This Vampire in the Garden review contains no spoilers.
Fair warning: there’s a lot more gore than gardening in Netflix’s newest anime, Vampire in the Garden. It’s a fantastic story about Momo and Fine, a human/vampire duo escaping the brutal war between their species. Set in the remnants of an unnamed but unmistakably post-Soviet country, their journey is as much about the horrors of war as it is about the beauty of music. And with the creative minds of Studio Wit (Attack on Titan, Bubble) at the helm, the animation is appropriately top-notch and the story delivers a heartfelt anti-war message in its brief five-episode season.
Momo is a low-ranking soldier in humanity’s last army, but she is unwilling and unable to kill her enemies in combat. Meanwhile, Fine is the queen of the vampires, but refuses to drink blood. The vampires live opulently in aristocratic splendor, while the humans are just barely hanging on under military rule that strictly forbids engaging in vampiric activities, like singing and watching movies. Yikes! Both Momo and Fine feel out of place in their respective worlds and yearn for peaceful coexistence. When the two meet on the battlefield, they form an unlikely bond and strike out in search of paradise.
The action-packed battles are spectacularly animated, breathlessly depicting the gruesome reality of armed (and winged) combat, but the real draw is watching Momo and Fine’s relationship develop and rapidly evolve in highly charged emotional scenes. There’s an inherent distrust between the two, best shown when Fine attempts to disarm Momo with a bop on the piano. Few words are required for this wonderfully tense conflict between Fine’s joyful playing and Momo’s intense fear, so when Momo does explode in anger, it’s both surprising and completely understandable.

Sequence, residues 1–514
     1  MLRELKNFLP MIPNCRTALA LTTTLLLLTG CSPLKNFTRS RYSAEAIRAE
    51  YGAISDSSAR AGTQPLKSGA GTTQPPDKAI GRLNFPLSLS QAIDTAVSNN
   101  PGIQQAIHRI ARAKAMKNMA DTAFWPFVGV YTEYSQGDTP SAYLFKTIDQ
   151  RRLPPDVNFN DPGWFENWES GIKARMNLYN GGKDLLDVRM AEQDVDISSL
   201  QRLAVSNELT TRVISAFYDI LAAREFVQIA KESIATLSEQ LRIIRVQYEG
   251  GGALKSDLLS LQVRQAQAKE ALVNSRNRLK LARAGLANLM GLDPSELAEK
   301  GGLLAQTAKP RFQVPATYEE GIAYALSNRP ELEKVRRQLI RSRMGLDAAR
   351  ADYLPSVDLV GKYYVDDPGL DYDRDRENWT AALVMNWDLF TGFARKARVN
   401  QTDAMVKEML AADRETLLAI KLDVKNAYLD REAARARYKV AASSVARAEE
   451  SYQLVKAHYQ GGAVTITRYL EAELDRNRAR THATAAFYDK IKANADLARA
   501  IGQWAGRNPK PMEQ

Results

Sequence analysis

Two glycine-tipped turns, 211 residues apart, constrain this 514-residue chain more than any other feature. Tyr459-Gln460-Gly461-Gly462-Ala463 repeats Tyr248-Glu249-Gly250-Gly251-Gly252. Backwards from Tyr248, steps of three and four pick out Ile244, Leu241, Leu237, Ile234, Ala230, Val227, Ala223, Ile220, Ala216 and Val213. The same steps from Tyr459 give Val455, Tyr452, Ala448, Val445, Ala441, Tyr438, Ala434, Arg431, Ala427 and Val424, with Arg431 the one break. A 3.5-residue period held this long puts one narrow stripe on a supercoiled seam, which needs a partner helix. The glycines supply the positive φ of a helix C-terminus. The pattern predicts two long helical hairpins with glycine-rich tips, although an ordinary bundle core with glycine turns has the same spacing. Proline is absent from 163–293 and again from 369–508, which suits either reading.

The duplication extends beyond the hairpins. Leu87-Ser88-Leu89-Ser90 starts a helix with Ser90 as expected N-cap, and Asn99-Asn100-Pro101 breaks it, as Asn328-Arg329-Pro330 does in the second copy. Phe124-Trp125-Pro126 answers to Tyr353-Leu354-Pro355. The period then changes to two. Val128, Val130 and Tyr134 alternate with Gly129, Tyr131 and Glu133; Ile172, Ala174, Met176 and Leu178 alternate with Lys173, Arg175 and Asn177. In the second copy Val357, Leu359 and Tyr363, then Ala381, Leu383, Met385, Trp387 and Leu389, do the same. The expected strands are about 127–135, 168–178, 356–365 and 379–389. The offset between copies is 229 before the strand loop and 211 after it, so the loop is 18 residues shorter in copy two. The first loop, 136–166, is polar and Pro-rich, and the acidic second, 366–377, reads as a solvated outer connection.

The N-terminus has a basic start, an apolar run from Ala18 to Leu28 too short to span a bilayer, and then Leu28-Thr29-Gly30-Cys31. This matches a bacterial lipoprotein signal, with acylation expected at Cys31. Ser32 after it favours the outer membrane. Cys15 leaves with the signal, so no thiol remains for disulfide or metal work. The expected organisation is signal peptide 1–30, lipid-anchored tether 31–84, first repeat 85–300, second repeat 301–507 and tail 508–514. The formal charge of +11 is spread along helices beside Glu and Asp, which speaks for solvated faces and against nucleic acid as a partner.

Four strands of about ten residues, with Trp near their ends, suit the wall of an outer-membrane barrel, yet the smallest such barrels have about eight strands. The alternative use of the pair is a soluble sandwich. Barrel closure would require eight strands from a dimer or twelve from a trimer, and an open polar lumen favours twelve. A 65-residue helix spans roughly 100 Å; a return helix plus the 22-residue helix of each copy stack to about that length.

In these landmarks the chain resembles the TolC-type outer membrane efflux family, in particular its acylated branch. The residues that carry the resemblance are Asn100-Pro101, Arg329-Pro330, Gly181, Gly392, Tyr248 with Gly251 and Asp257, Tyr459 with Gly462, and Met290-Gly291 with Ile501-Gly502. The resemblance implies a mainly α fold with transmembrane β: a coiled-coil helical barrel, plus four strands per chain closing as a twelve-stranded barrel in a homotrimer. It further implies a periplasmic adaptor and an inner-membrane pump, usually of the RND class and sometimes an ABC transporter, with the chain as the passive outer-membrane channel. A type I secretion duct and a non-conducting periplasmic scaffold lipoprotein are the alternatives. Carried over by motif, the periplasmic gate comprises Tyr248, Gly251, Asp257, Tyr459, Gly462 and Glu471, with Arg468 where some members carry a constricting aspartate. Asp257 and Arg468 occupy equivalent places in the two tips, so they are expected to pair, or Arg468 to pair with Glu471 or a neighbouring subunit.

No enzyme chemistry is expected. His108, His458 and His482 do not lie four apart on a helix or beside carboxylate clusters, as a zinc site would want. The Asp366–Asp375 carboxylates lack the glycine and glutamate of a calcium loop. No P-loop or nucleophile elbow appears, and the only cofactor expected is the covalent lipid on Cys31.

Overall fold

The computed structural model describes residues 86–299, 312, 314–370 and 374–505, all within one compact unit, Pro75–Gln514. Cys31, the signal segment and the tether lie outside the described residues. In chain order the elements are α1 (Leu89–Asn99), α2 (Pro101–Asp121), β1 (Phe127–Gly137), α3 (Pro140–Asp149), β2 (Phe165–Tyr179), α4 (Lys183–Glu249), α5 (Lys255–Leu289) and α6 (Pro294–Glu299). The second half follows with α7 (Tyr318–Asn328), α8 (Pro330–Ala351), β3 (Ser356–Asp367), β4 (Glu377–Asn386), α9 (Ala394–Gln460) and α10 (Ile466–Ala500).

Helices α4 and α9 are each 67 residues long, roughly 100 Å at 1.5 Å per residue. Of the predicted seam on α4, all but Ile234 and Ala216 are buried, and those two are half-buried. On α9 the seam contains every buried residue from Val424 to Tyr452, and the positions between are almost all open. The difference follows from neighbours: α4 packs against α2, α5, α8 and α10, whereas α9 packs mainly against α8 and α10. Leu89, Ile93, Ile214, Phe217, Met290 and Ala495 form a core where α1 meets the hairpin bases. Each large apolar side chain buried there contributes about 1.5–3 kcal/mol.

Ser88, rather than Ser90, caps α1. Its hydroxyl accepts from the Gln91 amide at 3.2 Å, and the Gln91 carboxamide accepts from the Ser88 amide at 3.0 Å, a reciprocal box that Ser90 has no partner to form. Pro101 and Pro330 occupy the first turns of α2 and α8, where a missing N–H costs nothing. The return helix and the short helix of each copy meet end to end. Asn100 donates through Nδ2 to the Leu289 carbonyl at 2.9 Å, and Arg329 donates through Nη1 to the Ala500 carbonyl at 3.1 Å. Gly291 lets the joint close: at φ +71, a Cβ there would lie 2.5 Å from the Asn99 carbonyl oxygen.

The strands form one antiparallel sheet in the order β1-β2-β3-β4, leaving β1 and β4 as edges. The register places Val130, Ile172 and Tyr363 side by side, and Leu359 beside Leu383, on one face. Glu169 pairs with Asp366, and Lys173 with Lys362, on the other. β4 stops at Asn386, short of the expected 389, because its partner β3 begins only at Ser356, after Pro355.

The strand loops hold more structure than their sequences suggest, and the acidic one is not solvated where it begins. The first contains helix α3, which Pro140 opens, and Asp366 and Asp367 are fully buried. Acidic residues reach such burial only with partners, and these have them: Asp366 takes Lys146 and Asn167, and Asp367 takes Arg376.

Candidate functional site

And with just over 2 hours to work with, Studio Wit moves the story along at a breakneck pace, breathlessly shifting from a gritty war movie to an us-against-the-world road trip, back to a tragedy, and so on. By jamming complex character choices and exciting visual sequences into pretty much every scene, the series rarely suffers from whiplash. It’s plotted as tightly as any 2 hour movie and consequently never strays away from the two species’ inherent conflict in finding coexistence.
It’s unfortunate that when the two finally do reach their paradise, the storytelling takes a sudden nosedive with predictable plot twists and barely believable antagonists driving the narrative forward. Their paradise isn’t just a sham that they stumbled into, it’s a garden-variety anime. Missing are all the beautiful contradictions and nuances present up to that point. But ultimately, it does put the worst of both humans and vampires on display and breaks Momo and Fine up after an emotional final battle. Thankfully, it’s still a beaut to watch, and no more than a brief stumble in an overwhelmingly strong anime. The ending is hard-earned and feels just right, though it is hard to imagine what could happen in a second season, if there is one.
Ultimately, by following two idealists running away from an unending conflict, Vampire in the Garden delivers a challenging, but clear anti-war statement. For Momo and Fine, the only solution to war is to disengage. Neither side is right, neither side is wrong, and the only foes worth fighting are those trying to stop her from finding her paradise. Momo’s freedom is hard-earned, but unsustainable. It’s a simple answer to an urgent real-world question, but a nice one at that. But for her, it’s enough.
Vampire in the Garden is available to stream on Netflix now.